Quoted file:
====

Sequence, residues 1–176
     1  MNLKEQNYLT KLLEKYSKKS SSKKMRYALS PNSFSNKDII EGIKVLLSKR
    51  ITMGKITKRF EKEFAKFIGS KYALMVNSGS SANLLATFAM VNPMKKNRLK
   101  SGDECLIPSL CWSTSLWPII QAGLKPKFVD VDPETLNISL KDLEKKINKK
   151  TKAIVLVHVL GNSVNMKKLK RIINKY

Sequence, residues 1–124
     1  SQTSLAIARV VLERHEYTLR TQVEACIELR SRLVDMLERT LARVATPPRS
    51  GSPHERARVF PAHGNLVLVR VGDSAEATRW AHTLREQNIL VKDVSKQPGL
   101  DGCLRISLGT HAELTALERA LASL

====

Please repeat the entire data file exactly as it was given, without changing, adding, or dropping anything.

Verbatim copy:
Sequence, residues 1–176
     1  MNLKEQNYLT KLLEKYSKKS SSKKMRYALS PNSFSNKDII EGIKVLLSKR
    51  ITMGKITKRF EKEFAKFIGS KYALMVNSGS SANLLATFAM VNPMKKNRLK
   101  SGDECLIPSL CWSTSLWPII QAGLKPKFVD VDPETLNISL KDLEKKINKK
   151  TKAIVLVHVL GNSVNMKKLK RIINKY

Sequence, residues 1–124
     1  SQTSLAIARV VLERHEYTLR TQVEACIELR SRLVDMLERT LARVATPPRS
    51  GSPHERARVF PAHGNLVLVR VGDSAEATRW AHTLREQNIL VKDVSKQPGL
   101  DGCLRISLGT HAELTALERA LASL